Project Ezekiel

Growing up in Colombia, robotics teacher Javier Saavedra dreamed about becoming an astronaut despite living in a country with no space program. When Mr. Saavedra conducted  a successful physics project, which sent high altitude balloons into the atmosphere to capture pictures of the earth’s curvature, it caught the attention of everyone involved plus a few SBS parents who work in the aerospace industry with ProXops. These parents immediately approached Mr. Saavedra with a new project idea to send experiments to the International Space Station (ISS) to monitor and record data from the experiments.
 
Directed and overseen by Mr. Saavedra, alongside lower school science teacher Ana Konuma, SBS students from every school level are taking part by preparing experiments inside their classroom. Once ready, these experiments will go into a Faraday box, launch into space, meet up and attach to the International Space Station (ISS) via the Dragon. The Dragon is a module provided by SpaceX, a private aerospace company that re-supplies the space station. The astronauts will receive the Dragon capsule and connect the box to their system. From that moment on, NASA and SBS will have the ability to monitor their experiments online via a satellite-internet  connection. At the conclusion of the mission, the astronauts will return the box in a capsule. Once the box is back at SBS, students will continue to analyze and learn from the experiments.
  • Lower school students are using a Faraday box, in this case a carrier of the experiments, to measure for perimeter. When it’s up and running, they will take measurements of temperature. These temperature values will help them create a thermal graphic/heat map. In addition, lower school students will study ecosystems—one of the experiments is watching an ecosystem in microgravity.
  • Middle school students are preparing to send owl pellets into space so they can study bone tissue loss of calcium post mortem. IPC students will work with exposed plates that go on the outside of the space station. Each of the plates will consist of three different materials. The control will be here on earth. Additionally, middle schoolers will create blueprints for boxes that carry the experiments within the Faraday box.
  • Upper school students will actually create the boxes from the blueprints the middle schoolers made to carry the experiments. They will also take part in experiments with the plates placed on the space station. The after school robotics students are heavily involved in the wiring of the Faraday box and are awaiting continued instruction from ProXops. The wiring is important because it will connect to the station’s ethernet so students can see results and study them. Additionally, upper school calculus students helped maximize the surface area of the exposure plates on the outside of the space station.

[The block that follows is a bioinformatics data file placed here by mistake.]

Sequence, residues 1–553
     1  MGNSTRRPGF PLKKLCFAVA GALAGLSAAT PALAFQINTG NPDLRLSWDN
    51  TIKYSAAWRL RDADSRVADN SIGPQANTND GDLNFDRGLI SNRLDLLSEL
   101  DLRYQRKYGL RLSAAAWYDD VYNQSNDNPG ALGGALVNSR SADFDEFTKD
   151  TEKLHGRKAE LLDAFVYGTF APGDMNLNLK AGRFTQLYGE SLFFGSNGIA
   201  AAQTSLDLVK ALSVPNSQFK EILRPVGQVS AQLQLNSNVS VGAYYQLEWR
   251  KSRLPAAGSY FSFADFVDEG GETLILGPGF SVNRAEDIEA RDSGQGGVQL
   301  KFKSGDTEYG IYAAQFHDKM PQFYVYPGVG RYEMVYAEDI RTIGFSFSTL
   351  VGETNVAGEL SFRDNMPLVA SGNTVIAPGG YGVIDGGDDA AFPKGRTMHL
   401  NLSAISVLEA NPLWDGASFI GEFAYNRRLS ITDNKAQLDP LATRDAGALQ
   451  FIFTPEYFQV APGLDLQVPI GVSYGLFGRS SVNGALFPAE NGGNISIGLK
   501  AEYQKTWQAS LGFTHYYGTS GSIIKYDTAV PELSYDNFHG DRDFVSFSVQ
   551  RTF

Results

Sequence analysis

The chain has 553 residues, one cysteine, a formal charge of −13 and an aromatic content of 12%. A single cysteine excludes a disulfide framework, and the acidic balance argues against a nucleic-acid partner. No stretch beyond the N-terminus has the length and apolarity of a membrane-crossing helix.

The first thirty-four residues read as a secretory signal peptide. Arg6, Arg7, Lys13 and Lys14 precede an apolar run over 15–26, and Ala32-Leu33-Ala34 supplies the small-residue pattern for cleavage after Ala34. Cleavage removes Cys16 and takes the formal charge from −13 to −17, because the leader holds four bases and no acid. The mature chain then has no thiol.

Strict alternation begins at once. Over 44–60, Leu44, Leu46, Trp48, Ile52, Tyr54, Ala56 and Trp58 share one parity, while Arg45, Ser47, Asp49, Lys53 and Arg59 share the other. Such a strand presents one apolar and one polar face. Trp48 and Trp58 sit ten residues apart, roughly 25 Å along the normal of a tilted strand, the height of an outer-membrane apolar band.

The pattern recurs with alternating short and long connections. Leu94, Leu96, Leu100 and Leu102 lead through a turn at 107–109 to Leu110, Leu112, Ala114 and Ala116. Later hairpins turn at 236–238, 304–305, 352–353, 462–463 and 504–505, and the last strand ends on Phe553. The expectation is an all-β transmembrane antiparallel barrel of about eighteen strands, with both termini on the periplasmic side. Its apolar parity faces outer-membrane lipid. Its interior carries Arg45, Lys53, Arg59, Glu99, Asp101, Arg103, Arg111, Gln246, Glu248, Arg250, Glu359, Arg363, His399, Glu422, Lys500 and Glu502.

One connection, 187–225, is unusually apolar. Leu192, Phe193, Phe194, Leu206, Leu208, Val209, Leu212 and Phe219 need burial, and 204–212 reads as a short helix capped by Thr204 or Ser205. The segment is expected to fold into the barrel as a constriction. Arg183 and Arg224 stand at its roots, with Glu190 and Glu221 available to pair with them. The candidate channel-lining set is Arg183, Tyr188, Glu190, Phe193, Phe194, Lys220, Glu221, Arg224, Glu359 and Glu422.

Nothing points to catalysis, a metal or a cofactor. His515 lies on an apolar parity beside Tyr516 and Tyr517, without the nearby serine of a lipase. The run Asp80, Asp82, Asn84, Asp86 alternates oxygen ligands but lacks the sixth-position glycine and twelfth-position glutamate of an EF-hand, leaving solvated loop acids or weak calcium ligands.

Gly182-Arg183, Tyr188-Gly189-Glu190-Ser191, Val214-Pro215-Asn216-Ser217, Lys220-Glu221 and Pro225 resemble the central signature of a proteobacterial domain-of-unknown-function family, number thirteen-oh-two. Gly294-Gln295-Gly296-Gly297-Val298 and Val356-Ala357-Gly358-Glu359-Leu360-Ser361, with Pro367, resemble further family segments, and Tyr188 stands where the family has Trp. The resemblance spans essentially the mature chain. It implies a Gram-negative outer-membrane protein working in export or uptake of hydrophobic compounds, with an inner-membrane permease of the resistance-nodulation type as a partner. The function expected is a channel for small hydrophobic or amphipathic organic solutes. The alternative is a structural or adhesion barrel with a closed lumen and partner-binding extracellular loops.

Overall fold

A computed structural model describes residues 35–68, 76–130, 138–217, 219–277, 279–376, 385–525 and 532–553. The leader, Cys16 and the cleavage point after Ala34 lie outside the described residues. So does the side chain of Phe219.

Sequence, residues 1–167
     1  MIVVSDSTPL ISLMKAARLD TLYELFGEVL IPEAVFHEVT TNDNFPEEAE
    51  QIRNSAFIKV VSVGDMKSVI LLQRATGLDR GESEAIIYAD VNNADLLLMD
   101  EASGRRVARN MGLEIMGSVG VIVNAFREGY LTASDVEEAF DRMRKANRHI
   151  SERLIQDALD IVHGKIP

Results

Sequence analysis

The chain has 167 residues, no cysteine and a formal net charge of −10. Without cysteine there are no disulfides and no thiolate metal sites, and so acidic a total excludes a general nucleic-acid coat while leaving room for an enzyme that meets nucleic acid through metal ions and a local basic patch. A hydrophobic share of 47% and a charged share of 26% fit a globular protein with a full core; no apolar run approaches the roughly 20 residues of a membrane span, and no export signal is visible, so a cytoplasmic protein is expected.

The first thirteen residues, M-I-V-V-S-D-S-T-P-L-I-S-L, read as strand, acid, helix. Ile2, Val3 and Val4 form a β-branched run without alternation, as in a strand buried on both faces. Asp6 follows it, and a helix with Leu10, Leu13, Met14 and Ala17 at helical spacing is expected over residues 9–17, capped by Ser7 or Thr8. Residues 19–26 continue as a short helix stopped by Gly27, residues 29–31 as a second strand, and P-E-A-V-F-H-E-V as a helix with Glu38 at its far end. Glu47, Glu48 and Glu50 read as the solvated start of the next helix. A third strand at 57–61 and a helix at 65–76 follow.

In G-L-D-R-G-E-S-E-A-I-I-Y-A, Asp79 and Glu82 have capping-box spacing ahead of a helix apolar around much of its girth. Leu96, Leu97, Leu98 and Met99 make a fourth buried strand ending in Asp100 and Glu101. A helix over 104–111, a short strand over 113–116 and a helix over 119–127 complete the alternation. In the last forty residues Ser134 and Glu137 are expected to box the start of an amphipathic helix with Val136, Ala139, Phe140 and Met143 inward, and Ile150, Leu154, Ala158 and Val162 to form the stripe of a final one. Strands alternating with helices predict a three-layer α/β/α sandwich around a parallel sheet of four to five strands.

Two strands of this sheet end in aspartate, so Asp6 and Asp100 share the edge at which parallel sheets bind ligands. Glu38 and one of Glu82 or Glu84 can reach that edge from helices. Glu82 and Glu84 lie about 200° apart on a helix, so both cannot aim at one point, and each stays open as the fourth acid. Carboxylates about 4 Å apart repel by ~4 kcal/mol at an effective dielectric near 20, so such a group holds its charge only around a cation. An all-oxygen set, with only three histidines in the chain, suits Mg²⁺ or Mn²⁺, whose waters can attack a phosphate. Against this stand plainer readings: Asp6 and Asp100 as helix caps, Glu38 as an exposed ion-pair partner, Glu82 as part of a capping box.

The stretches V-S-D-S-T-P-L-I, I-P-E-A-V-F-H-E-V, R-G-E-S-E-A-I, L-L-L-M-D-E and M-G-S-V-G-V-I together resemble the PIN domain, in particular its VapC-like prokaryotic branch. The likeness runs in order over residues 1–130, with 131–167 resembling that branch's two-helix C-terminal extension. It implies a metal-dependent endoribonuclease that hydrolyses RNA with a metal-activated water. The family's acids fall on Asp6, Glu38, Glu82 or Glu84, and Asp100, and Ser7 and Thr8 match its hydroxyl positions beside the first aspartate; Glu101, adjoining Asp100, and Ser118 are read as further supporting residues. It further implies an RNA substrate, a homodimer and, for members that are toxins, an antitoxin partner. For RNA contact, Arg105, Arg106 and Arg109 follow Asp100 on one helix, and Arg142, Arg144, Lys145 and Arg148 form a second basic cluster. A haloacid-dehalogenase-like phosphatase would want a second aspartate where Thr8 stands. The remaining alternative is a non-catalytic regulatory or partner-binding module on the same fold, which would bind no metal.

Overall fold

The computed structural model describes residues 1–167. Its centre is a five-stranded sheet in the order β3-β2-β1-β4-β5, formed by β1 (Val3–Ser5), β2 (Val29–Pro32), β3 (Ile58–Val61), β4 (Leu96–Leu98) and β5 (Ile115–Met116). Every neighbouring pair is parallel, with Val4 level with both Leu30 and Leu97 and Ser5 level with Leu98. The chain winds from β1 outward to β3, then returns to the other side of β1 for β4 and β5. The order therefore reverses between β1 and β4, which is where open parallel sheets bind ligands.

According to Payton Kim ‘19, “In our AB Calculus class last year, we were asked to make a geometric shape with the maximum possible surface area that could be cut out with a specific machine and drill bit. After we ran through a few ideas, my group and I decided to make a grid of nine cubes, each with a cylinder cut out of the center. Once we had the basic idea down, we adjusted the measurements to maximize the surface area. When we finished up our calculations, we submitted our design in class.” She went on to say, “A few days after all the designs were submitted, we were told that ours won! It’s my dream to one day become a NASA flight surgeon, so I am very excited to know that our design will be used to test materials in space!”

UPDATE AS OF 8/22/2018

The SBS experiments are currently scheduled to fly to the ISS in November via Space X. NASA has currently acknowledged receipt of the exposure plates (see photos of the plates HERE). At this point, the plates are going through safety protocols at Cape Canaveral. The rodent bones from the owl pellet experiments held in the middle school are now mounted on the Faraday box and ready for the mission. Mr. Saavedra created a space aquarium for the project that has been tested for integrity and will go through installation soon. This is for the lower school students to observe and study an ecosystem. Additionally, after a month of unsupervised activity, the brine shrimp in the aquarium completed their life cycle in a confined space. The aquarium now hosts animals in different growth phases!

Stay tuned for more updates on this incredible learning opportunity for SBS students!

Click here to view the video created for SBS students to explain Project Ezekiel.  
 
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